Invasive Fish Species and their effect on Lake Ontario’s Environment
FRIDAY AUGUST 20TH 2010
“”Eye Of The Storm”: Invasive Fish Species and their effect on Lake Ontario’s Environment.
Hamilton Harbour is a hypereutrophic and highlycontaminated environment due to urban and industrial growth. Studies cite Randel Reef, Windermere Arm, Red Hill Creek are problem areas. Eutrophication of the Lake accelerated with the population increase in the Lake’s drainage basin at the beginning of 1900 until around 1974.
Researchers tend to concentrate on Lake Ontario’s pollution issues as: (1) contamination of water, sediment and biota with a wide variety of contaminants. In the overlying water in Lake Ontario sediments can consume a large amount of oxygen from the lake. This overlying water is a common habitat for different varieties of aquatic life which are highly dependent on the supply of oxygen in order to survive. In a 2,000 study by McMaster University’s Chemistry Department the suspended particles and the fate of Aquatic Systems is addressed.
Invasive Zebra Mussels. In an interesting 1997 – 2,000 study undertaken by the University of Vermont centred on ” Zebra Mussel clusters.” It was the arrival of Zebra Mussels that changed our beautiful Great Lakes to “mire.” Their study focused on : (1) the impact of the zebra mussel colonies on water chemistry in Lake Champlain, and, (2) ecosystem changes. The results of this study showed that : (1) zebra mussels encrustation may decrease the structural integrity of four shipwrecks, especially their iron fastenings; and, (2) zebra mussels may decline where calcium concentrations are low.
Invasive Rusty Crayfish. In a 2,000 study by the Department of Biological Sciences, at the University of Notre Dame sends up “red dangerflags.” as their researches tell us the Rusty Crayfish is invading the Great Lakes, and has previously invaded many inland water bodies in the upper Midwest, and Southern Ontario. They red flag with “invasive” rusty crayfish as Lake Erie ( and Lake Ontario drains from Lake Erie), Lake Michigan and Lake Superior all have rusty crayfish. In their samples, 30 % of the rusty crayfish occurred in river mouths. Researchers cite the lack of studies on the rusty crayfish. Their findings show two major problems: (1) in inland water badies, the rusty crayfish often replace native crayfish; and, (2) rusty crayfish have other ecosystem effects, e.g., (a) reduction of submerged vegetation, and (b) reduction of invertebrates, and possible fish populations.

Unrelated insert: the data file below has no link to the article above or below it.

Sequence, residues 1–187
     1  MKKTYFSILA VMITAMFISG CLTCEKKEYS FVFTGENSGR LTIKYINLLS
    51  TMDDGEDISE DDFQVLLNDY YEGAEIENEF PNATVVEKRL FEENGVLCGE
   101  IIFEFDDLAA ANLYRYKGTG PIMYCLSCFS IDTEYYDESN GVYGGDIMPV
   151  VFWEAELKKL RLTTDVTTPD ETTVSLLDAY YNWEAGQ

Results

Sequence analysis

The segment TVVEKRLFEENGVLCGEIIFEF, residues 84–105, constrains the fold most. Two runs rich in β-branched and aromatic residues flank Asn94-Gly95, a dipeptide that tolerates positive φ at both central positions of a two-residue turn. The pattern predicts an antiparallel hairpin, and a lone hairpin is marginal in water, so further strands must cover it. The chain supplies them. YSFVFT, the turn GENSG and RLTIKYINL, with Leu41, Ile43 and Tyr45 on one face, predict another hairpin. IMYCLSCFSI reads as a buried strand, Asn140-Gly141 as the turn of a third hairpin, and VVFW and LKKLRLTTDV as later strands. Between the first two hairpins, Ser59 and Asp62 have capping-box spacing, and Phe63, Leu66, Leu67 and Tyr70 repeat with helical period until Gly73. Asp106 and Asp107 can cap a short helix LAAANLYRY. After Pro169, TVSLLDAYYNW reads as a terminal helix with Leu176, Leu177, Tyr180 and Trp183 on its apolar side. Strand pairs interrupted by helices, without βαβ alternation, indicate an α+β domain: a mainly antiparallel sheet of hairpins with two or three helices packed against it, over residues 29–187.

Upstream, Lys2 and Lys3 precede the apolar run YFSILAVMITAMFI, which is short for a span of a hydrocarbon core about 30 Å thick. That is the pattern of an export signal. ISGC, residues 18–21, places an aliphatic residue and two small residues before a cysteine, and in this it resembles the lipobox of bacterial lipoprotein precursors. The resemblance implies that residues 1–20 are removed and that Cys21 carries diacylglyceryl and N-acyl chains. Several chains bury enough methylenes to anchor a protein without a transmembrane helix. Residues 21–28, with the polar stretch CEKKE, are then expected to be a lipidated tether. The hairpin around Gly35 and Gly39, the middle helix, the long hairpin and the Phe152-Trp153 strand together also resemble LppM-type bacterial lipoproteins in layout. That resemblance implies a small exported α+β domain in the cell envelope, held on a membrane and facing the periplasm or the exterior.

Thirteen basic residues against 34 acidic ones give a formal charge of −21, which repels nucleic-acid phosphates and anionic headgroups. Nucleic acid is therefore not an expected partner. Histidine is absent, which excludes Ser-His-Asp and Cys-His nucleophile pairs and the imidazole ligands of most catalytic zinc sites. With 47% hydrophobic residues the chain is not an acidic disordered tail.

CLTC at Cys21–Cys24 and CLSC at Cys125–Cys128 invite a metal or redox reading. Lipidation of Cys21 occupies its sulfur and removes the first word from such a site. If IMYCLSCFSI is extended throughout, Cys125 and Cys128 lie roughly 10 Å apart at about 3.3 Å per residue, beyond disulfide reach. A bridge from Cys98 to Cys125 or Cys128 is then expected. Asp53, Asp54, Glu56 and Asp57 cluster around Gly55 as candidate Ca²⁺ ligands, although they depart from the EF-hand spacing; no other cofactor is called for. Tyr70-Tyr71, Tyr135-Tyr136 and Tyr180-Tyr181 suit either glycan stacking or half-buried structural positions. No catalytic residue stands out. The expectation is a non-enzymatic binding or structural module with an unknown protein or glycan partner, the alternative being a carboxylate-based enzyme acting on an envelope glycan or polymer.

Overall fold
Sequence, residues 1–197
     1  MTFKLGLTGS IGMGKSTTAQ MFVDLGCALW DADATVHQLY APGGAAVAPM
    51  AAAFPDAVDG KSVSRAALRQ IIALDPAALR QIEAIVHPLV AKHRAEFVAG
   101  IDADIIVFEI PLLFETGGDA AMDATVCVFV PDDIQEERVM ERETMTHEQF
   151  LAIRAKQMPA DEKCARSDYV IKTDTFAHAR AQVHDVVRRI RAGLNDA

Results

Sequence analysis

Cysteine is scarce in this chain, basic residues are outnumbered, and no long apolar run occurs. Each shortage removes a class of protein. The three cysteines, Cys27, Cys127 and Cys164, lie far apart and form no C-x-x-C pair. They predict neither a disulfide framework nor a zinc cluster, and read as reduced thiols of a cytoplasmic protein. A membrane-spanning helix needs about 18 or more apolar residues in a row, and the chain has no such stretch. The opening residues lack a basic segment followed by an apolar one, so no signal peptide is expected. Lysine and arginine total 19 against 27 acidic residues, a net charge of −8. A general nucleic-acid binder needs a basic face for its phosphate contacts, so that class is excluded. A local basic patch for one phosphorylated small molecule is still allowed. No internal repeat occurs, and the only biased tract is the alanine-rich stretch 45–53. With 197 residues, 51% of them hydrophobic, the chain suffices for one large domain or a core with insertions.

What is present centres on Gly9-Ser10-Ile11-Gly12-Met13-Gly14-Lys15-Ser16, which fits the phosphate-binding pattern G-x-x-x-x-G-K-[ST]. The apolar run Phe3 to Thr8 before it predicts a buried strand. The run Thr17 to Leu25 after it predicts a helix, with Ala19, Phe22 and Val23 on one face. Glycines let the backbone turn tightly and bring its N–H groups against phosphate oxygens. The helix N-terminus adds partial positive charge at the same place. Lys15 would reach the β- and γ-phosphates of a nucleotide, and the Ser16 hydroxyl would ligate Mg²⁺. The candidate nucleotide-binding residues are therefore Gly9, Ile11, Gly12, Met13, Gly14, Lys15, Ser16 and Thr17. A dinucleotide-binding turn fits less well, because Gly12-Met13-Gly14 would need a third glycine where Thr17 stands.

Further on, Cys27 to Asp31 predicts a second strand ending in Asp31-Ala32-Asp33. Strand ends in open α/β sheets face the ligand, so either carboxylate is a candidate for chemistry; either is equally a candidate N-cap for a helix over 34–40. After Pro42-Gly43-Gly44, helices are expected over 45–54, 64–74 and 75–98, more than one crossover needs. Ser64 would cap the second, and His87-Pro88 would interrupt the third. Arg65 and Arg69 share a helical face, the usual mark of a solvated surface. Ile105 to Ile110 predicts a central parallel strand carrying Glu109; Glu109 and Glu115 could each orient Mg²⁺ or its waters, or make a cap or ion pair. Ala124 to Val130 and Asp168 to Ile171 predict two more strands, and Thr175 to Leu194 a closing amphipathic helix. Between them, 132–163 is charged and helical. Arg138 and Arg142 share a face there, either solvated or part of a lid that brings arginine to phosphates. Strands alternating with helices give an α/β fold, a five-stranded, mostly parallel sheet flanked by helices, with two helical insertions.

Walleye. At the beginning of the 2,00 study by the Ontario Ministry of Natural Resources in Peterborough they immediately cite ” it is since the arrival of zebra mussels in North America that dramatic changes in water transparency occurred in the Great Lakes basin.
Their researchers studied Walleye (Stizistedion vitreum) because of its economic value and known sensitivity to light. And, they used to publish information to measure preferred light and temperative conditions for walleye. Plus, this study predicts how changes in water quality will affect the amount of habitat that is suitable for walleye. They used Optimum Secchi Depth Tool (2 4 m). Here , the proportion of lake area and volume was measured that meets light and temperature conditions optimal for walleye. Their results show “Secchi depth changes observed in some Great Lakes can have a dramatic effect on the supply of walleye habitat, and, consequently the production of walleye.
Lake Whitefish and Slimy Sculpin. Lake Whitefish (Coregonus clupenformis) were important commercial fish species throughout Lake Ontario in 1900. By 1970s they were rare along the southeastern shore, and, by mid 1980s numbers began to climb in the northeastern basin. But, in the mid- 1990s their numbers plummeted when dreissenids colonized in 1990s. So, in the 1990s whitefish were caught in deeper waters in southeastern Lake Ontario and they were in poor condition. Although Lake Whitefish lack pharynaeil teeth, their muscular stomachs grind dreissends.
Diporeia was a staple in the diet of nearly all endemic benthic fishes especially Slimy Sculpin which in 2,000 is the most abundant fish in Lake Ontario.In 1993 Diporeia were found in abundance in depths of 55 – 130 m, by 1995 the population was declining. Then, they were only abundant at 130 m.
Slimy Scalpin’s abundance declined sharply between 1991 – 1992 in southeastern Lake Ontario and somewhat further along the south shore from 1996 – 1999 which should have reduced predatation on Diporeia. Lake Whitefish formerly fed on Diporeia but in 1998 their diet was Mysis and fingernail clams. Three results were found in this study: (1) some researchers stated the population was due to competition for diatoms with dressenids; (2) but this studies researchers found composition of the sediment may be a factor, and (3) other chemical/biological process may be involved.